Marilyn Black with Black Crappie
Flash & Dash for Crappie
by Darl Black
Know When to Throw ‘em
As a youngster in the early 1960s – before all the fancy soft plastic jig bodies with action tails appeared on the market – I fished for crappies with 1/16-ounce Beetle Spin which provided a colorful split-tail grub as visual target along with flash and vibration from a small Colorado spinner.
Then in my teens, I was introduced to the Crème Plastic Worm and the Original Rapala Minnow, and in the process, discovered smallmouth bass in the local river. Having reached that fork in the waterway, I opted to chase bass for several decades. Interestingly, I continued to use the larger Beetle Spin model for bass in ponds and creeks.
There are times when flash and vibration added to a jig is a better trigger than a straight jig.
Eventually, tired of tournaments and fast boats, I fell in with a group of easy-going crappie-fishing anglers, finding satisfaction in devoting a chunk of fishing time to crappies. Suddenly I found myself bombarded with all sorts of new crappie jigs to experiment with. However, I did not forget the success I had with small Beetle Spins back in the 1960s, so I made sure I had a supply of jig-spinners in that new bulging crappie tackle box that also included flash-inducing Road Runner blade jigs and Charlie Brewer’s Whirly Bee.
I don’t fish baits with blades for crappies every outing. But there are times I believe the flash and vibration of these baits is a better trigger than a straight jig.
In my home state of Pennsylvania, water in our lakes will be moderately clear to very clear. A little too much rain and the runoff can dirty up the water quickly. When facing a normally clear water lake that has become dingy, I’ll opt for 1/16-ounce Road Runner head with a shad-tail body. I cannot provide clear cut evidence that it makes a big difference in drawing more strikes, but that bit of flash and thump gives me more confidence.
The Whirly Bee may not be as widely known as Beetle Spin and Road Runner baits. But this two-inch split tail grub with tail spinner has proven extremely effective during mid-spring and fall with water temperatures in the 50s for crappies holding in deeper water. Count the lure down to depth of fish, then employ a slow-but-steady retrieve with this bait, keeping it just above deeper brushpiles and along ledge drops to draw hits from lethargic crappies. A Whirly Bee body color of White or Shad coupled with flash from the tiny tail spinner provides the perfect imitation of a minnow swimming nonchalantly by.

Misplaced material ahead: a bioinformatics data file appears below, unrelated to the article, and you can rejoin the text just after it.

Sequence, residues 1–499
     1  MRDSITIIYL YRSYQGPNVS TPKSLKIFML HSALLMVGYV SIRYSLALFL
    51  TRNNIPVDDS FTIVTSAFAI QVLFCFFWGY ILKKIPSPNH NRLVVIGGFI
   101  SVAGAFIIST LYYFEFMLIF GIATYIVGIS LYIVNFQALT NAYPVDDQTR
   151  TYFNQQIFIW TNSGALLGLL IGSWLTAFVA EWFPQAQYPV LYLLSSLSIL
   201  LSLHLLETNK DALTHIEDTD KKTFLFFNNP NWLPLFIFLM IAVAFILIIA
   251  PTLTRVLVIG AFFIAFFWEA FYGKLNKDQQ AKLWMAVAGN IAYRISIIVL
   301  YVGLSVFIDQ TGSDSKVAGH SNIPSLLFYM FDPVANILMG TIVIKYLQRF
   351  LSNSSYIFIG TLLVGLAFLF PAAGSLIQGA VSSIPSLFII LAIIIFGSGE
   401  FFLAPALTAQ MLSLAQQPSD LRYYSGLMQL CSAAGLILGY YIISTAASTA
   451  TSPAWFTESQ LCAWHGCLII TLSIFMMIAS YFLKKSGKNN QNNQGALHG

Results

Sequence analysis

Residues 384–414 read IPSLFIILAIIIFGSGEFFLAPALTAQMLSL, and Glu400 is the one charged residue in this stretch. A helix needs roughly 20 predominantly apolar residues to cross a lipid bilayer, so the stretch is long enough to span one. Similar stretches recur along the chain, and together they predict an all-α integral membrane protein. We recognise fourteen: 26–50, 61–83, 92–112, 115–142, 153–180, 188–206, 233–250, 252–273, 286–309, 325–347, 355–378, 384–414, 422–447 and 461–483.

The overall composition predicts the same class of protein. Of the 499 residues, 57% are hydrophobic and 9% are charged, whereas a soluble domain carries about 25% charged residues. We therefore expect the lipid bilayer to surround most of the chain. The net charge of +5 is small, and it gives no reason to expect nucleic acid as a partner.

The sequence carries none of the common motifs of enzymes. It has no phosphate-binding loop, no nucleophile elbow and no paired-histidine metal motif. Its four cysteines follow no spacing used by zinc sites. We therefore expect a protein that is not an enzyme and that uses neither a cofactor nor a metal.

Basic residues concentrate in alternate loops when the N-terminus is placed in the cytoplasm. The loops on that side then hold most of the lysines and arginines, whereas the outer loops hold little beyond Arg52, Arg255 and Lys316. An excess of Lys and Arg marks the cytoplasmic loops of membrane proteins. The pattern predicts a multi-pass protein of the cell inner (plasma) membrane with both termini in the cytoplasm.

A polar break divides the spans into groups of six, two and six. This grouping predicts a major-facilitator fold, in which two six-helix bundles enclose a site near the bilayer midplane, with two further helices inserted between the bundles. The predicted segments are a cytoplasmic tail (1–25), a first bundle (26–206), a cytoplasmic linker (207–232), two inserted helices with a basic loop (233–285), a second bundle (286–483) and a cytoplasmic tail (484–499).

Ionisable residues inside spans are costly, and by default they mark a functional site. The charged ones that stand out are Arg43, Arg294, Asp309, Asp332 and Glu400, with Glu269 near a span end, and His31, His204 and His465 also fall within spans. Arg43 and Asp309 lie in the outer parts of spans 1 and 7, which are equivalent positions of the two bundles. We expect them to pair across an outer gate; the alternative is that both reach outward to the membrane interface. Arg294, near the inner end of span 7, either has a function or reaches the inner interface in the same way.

Speaking of spring fishing, during a late spring Crappie Camp on Pymatuning Lake a decade ago, TTI-Blakemore’s TJ Stallings demonstrated the effectiveness of a 1/32-ounce Road Runner with a tiny plastic body suspended below a bobber fished in emerging lily pad beds where black crappies were spawning. It is impossible to “retrieve” a jig or jig-n-bobber through a pad bed. But lobbing or simply lowering the Road Runner to an open area in the bed, then jiggling the bobber in place by gently shaking the rod tip results in a flashy minnow-like presentation which bedding crappies slurp up.
My wife, Marilyn, and I consider a Beetle-Spin style of bait to be a great shallow-water fish locator when crappies are spread out in a large area or are on the move – rather than bunched up in groups or a school. The safety-pin spinner attachment makes this lure more snag-resistant than a regular jig, so it comes through brushy areas and sparse vegetation with relative ease.
This presentation works best when you need to cover lots of water. Such as when crappies are making a gradual location change from spawning sites across flats to deeper water. It’s also produces in the reverse during the early fall cool down as crappies follow baitfish from open water back to shallower water.
There are other instances during the season when crappies may not be concentrated at specific sites. Just this past week, Marilyn and I fished Conneaut Lake, a 925-acre natural lake with very clear water thereby producing impressive weed-covered flats surrounding multiple deep-water basins. Normally in late summer and early fall, black crappies are found at key areas among the deeper weeds. However, copious amount of rainfall this summer resulted in dingy, higher-than-normal water level which stunted the regeneration of deep weeds following an earlier herbicide treatment.
It didn’t take long for us to realize crappies were not stacked up in the usual places because the cover wasn’t there. A bit more exploring indicated crappies seemed to be roaming randomly across the flats where vegetation was struggling to come back. While I stayed with a favorite 1/16-ounce Weedless Crappie Slider, Marilyn switched to a 1/4-ounce white Beetle Spin and proceeded to out fish me four-to-one on crappies. Her heavier bait permitted longer casts, and allowed a slightly faster retrieve – thereby covering more water. The larger profile, distinctive flash and thump apparently was the trigger needed.
When putting together your crappie box of baits, your arsenal isn’t completed unless you include jigs combined with flashy blades.
(Darl Black began his career as an outdoor writer more than 50 years on a on a long-forgotten communications instrument – a typewriter. Since then, his columns, articles, and photos have appeared in dozens of regional and national fishing related publications.)